Visions of Eight
In Munich in 1972, eight renowned filmmakers each brought their singular artistry to the spectacle of the Olympic Games—the joy and pain of competition, the kinetic thrill of bodies in motion—for an aesthetically adventurous sports film unlike any other. Made to document the Olympic Summer Games—an event that was ultimately overshadowed by the tragedy of a terrorist attack—Visions of Eight features contributions from Miloš Forman, Kon Ichikawa, Claude Lelouch, Juri Ozerov, Arthur Penn, Michael Pfleghar, John Schlesinger, and Mai Zetterling, each given carte blanche to create a short focusing on any aspect of the Games that captured his or her imagination. The resulting films—ranging from the arresting abstraction of Penn’s pure cinema study of pole-vaulters to the playful irreverence of Forman’s musical take on the decathlon to Schlesinger’s haunting portrait of the single-minded solitude of a marathon runner—are triumphs of personal, poetic vision applied to one of the pinnacles of human achievement.
Following their new solo edition for Tokyo Olympiad, The Criterion Collection breaks out another film from their massive Olympic Films box set, presenting David L. Wolper’s production Visions of Eight on a dual-layer disc in the aspect ratio of 1.85:1.
For this edition Criterion is reusing the same 4K restoration (sourced from the 35mm original camera negative) used for the presentation of the film in their box set. The two presentations don’t look all that different in certain respects: the image is still incredibly sharp with excellent definition and detail, colours look striking, and black levels are strong, though they can get a bit heavy and details can crush out in darker shots (more due to the original lighting I’m sure). The restoration has also cleaned up things remarkably, and source damage is not an issue of concern.
The film does receive more room to breathe on this disc since it no longer has to share it with Sapporo Winter Olympics as it did in the set, and the file for the film is substantially bigger on this disc. This could be the reason for what leads to a slightly cleaner look, though I should stress there is a “but” in there. Outside of some darker portions, like the opening (which still looks a little rough) I did think grain looked a bit tighter overall, highlighted especially in Kon Ichikawa’s slo-motion photography during his segment, "The Fastest." Yet, there is some banding evident, which is a bit of a surprise since I couldn’t detect the artifact in the older presentation. The opening fade-in to the sunrise and a few other fades show the effect. Otherwise, I couldn’t detect any other significant differences; it still has a generally film-like look and the restoration work has cleaned things up to near-perfection.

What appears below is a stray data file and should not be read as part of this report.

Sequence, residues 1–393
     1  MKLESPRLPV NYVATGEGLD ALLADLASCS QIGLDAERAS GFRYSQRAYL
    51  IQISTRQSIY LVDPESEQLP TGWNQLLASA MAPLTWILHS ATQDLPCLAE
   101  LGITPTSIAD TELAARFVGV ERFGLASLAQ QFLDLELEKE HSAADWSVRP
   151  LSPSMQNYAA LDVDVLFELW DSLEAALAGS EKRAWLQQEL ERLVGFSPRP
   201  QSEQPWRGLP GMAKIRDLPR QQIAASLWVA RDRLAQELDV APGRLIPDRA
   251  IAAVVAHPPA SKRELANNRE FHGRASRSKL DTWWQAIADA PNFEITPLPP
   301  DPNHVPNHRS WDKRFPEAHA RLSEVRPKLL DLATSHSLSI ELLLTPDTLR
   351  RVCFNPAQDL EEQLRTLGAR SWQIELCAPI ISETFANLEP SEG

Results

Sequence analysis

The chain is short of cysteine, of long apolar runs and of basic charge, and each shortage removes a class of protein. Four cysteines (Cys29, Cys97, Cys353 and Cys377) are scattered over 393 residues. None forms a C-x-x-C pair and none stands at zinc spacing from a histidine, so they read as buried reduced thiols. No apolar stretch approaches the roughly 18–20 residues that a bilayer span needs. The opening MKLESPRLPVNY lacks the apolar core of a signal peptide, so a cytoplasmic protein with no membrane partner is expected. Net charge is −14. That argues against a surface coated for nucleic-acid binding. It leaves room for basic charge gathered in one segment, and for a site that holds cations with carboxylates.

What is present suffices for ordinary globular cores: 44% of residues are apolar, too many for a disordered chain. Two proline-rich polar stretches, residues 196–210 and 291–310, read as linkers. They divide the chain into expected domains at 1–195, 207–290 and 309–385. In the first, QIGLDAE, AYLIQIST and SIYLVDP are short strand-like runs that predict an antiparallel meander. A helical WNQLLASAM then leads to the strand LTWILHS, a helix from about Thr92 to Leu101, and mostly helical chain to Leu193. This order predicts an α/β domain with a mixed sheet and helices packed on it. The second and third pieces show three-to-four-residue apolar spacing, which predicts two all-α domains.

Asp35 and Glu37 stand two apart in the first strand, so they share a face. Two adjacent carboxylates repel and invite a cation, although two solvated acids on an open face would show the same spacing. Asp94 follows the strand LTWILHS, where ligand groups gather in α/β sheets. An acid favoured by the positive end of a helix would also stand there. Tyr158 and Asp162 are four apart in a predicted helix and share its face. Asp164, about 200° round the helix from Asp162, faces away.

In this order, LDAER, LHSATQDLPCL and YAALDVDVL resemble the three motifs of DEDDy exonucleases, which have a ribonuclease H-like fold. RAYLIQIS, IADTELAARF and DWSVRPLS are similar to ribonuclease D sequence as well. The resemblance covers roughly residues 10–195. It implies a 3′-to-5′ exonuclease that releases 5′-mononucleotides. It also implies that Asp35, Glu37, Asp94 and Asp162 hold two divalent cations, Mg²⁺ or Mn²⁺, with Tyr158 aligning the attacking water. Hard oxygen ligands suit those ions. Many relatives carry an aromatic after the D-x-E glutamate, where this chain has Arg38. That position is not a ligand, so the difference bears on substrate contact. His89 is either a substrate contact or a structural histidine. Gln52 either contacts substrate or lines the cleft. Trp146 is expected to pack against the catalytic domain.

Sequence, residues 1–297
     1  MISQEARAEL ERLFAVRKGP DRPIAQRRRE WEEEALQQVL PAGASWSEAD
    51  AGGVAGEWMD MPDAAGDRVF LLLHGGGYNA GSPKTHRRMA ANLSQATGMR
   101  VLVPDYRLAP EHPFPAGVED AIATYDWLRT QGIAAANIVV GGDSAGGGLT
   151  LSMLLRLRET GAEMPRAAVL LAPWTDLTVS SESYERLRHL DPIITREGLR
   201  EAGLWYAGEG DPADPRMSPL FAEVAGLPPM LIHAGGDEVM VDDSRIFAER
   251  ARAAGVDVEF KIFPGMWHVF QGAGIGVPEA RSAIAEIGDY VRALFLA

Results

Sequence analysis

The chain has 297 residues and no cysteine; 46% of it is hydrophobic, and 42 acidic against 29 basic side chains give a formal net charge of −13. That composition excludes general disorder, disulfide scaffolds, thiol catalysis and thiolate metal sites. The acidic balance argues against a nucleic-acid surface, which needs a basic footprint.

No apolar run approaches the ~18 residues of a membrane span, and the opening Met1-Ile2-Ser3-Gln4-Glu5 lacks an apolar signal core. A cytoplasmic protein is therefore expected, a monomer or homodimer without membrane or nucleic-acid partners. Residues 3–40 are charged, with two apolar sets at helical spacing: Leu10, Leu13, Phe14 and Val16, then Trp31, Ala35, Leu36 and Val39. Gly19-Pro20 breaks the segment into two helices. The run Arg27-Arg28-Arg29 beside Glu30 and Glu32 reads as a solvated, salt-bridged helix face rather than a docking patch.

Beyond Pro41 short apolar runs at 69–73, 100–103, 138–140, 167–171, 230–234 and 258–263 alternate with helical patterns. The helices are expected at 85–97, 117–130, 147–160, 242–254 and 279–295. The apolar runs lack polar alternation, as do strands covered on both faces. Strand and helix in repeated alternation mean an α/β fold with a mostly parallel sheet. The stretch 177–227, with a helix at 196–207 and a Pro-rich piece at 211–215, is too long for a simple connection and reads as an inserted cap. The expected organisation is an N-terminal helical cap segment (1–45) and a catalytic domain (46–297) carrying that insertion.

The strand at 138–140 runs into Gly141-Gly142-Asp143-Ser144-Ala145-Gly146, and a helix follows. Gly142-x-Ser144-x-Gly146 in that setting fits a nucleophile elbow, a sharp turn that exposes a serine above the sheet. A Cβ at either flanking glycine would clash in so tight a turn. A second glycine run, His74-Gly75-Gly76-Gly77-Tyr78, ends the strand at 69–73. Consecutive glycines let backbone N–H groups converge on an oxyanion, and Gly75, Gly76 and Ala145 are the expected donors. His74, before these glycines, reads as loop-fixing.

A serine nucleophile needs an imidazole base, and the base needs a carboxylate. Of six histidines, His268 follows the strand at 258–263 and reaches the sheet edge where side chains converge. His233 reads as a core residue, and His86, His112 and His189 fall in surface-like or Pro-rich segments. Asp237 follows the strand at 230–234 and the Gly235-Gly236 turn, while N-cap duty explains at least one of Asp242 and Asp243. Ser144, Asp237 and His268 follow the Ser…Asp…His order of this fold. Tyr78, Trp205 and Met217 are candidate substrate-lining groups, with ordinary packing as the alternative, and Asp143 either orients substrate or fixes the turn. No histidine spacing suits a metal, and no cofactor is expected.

In all, it’s fine, generally looking the same as what was found in the box set, managing to clean up one aspect of the digital encode while flubbing another.
The lossless PCM 1.0 monaural soundtrack sounds the same. It’s sharp and clear, no severe distortion or damage apparent. The dated music can come off a bit flat, though.
One of the more disappointing aspects around Criterion’s Olympic box set, which featured well over 50 films, is that there were no on-disc special features (though there was a great book included). For this individual edition Criterion does throw in a handful of new material, starting things off with an audio commentary featuring podcasters for the website The Ringer, Amanda Dobbins, Sean Fennessey, and Chris Ryan. I confess I’m not familiar with the podcast, though the three sell it here as a look at sports through the lens of pop culture… or something. At any rate, I guess that’s how they approach tackling the film, looking at it as both a sports film and an art film, talking about the events specifically then going into how the eight filmmakers present them on screen, treating each episode as its own film in the process. Throughout we get some background to the project, which includes how Wolper came on board, how he got his eight filmmakers, and even talk about how Wolper more than likely altered the segments to make them more commercial. When Ichikawa’s segment comes up, they of course talk a little about Tokyo Olympiad and the technical aspects behind his segment. The track manages to stay focused, though they’ll try to lighten things up with goofier topics like asking how one is able to wear glasses while running and which directors they’d pick for a modern version, but in all I was pleasantly surprised by the track. It’s not up to Cowie’s track for Tokyo Olympiad (one of my favourite commentary tracks) but it covers the film and the events admirably enough.